How does this influence the work of educational researchers?
When designing and conducting our research in schools and other spaces of learning, many educational researchers continue to grapple with our own questions of gender, identity and emotions. We ask what does this confusion mean for how we research the lives of young people?
In considering the relationship between gender, identity and schooling, feminist scholarship has argued that we must value our past and present experiences. For example, scholars cite the importance of thinking historically and what this may mean for “making the personal political” or “the person is the political.” In other words, our own personal past experiences influence how we think and act politically in the present, so we need to reflect on those experiences and think about how they are affecting us now. These experiences and their affect create and re-create the contexts and processes of our research. They shape our views of what constitutes social justice, they open up particular spaces and enable particular avenues for our research as well as closing down other spaces and avenues.
Why is it important for researchers to reflect on their own gender identities and emotions?
Professor of Feminist Theory at the London School of Economics and Political Science, Clare Hemmigs, argues that ‘in order to know differently we have to feel differently’. We need to reflect on how emotions powerfully impact on how we know our gender and thus how we might work towards knowing gender differently. Knowing gender differently is imperative if we are to change the destructive and harmful gender injustices that continue to permeate our world.
As emotions and gender are powerful influencers in spaces of learning, it is important to consider how teachers teach and how children learn are constantly impacted in myriad of emotional and gendered ways.
We believe the more we interrogate our own assumptions, stereotypes and biases as educational researchers, and understand how we are influenced by the landscapes in which we work, the more we will be able to share our educational research into what is happening with emotions and gender in spaces of learning.
For those who want more
A one-day symposium, Doing gender: relationships, emotions and spaces of learning was held at Deakin last August, involving scholars engaged in critical reflection on previous and current research in gender and emotions. It was a very challenging and productive day. Central to the symposium was reflecting on the role gender and emotions play in our current climate of toxic masculinity, equal pay, #he4she, the #metoo movement, etc. Throughout the symposium, scholars discussed how our emotions arise out of how we understand our culture as well as our politics and what this may mean for research.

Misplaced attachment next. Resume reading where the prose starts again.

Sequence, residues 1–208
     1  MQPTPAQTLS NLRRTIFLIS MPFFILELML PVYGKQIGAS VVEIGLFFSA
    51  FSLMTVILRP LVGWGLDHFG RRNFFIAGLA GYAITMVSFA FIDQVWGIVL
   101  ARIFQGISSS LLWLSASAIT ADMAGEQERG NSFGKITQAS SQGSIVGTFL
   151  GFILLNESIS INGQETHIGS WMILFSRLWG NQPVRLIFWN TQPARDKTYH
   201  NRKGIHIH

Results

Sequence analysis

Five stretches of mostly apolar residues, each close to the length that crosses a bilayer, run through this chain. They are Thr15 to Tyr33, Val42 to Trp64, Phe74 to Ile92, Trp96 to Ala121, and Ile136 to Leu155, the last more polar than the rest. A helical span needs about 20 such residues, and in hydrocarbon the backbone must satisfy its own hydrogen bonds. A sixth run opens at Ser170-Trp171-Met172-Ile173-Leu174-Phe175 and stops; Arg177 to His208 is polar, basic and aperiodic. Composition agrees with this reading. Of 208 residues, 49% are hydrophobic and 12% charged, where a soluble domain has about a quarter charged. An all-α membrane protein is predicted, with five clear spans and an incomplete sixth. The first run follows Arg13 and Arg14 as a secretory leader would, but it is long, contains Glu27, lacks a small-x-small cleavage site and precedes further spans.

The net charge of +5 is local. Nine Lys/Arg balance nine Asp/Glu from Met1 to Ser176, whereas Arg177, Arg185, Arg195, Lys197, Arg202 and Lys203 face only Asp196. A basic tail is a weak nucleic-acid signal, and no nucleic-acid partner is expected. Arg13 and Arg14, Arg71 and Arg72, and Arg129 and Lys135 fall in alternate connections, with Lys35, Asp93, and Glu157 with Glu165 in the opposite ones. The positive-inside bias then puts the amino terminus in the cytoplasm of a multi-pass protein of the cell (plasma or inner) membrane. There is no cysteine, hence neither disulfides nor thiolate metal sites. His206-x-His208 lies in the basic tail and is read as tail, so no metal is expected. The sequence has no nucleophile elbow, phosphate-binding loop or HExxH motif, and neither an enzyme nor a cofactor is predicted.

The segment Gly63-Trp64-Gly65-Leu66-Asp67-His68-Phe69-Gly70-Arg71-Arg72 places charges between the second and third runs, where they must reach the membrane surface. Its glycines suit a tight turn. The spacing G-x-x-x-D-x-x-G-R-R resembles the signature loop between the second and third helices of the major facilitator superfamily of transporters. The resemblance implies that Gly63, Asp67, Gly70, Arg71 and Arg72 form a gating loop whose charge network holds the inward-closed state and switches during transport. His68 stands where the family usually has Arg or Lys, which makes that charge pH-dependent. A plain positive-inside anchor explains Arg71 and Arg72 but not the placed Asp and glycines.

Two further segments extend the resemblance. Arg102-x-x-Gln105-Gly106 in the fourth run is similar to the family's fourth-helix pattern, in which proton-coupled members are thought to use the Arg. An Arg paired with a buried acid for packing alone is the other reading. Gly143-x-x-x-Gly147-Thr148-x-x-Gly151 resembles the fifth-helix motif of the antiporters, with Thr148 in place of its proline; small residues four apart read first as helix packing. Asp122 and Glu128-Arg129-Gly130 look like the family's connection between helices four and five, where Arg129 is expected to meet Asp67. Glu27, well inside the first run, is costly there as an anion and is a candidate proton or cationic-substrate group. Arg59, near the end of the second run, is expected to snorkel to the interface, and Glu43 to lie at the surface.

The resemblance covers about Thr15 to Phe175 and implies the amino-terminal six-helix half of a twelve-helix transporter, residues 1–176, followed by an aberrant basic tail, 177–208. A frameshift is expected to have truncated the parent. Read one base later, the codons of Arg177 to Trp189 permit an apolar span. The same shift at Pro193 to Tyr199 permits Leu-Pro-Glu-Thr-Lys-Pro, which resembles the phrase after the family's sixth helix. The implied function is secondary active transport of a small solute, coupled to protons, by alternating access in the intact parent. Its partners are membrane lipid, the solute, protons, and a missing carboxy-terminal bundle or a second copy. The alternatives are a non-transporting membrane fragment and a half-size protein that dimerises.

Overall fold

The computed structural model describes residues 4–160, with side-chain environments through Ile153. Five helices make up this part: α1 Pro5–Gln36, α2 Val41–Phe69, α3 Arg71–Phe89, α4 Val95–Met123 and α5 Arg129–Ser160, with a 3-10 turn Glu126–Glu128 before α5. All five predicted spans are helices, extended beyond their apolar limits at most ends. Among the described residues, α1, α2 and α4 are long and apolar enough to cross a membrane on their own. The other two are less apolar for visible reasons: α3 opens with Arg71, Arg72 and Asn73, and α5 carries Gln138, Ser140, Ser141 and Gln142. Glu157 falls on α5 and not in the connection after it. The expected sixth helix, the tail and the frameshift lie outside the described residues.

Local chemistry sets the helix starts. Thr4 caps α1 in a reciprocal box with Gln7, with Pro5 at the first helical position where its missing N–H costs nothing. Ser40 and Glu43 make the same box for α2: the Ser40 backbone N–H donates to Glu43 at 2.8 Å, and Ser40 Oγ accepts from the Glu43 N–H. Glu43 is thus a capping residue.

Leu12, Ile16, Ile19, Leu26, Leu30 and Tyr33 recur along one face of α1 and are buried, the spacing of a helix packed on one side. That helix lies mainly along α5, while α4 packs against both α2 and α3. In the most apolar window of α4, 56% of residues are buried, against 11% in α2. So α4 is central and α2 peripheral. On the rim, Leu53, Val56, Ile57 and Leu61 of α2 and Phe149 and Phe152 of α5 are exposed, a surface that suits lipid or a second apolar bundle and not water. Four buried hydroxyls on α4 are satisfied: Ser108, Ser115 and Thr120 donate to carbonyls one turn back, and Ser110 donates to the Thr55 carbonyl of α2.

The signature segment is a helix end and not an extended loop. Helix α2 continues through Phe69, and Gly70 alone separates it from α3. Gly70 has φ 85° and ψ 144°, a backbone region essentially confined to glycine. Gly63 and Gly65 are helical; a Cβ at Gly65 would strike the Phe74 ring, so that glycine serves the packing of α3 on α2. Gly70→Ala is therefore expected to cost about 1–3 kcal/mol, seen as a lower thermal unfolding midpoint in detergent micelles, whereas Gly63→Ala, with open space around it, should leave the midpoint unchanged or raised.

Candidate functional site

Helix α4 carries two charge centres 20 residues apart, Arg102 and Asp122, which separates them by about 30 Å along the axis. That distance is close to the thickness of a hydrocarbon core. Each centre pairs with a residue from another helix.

Find a detailed report of what was discussed that day HERE . The report includes some of the main themes of the day, a selection of significant theorists as well as recommended further reading
Garth Stahl, Ph.D. is a Senior Lecturer at the School of Education at the University of South Australia and Research Fellow, Australian Research Council (DECRA). His research interests lie on the nexus of neoliberalism and socio-cultural studies of education, identity, equity/inequality, and social change. Currently, his research projects and publications encompass theoretical and empirical studies of learner identities, gender and youth, sociology of schooling in a neoliberal age, gendered subjectivities, equity and difference, and educational reform. Garth can be found on Twitter @GarthStahl
Amanda Keddie is a Research Professor at Deakin University (Melbourne, Australia). She leads the program Children, Young People and their Community within REDI (Research for Educational Impact). Her published work examines the broad gamut of schooling processes, practices and conditions that can impact on the pursuit of social justice in schools including student identities, teacher identities, pedagogy, curriculum, leadership, school structures, policy agendas and socio-political trends. Amanda is on Twitter@amandaMkeddie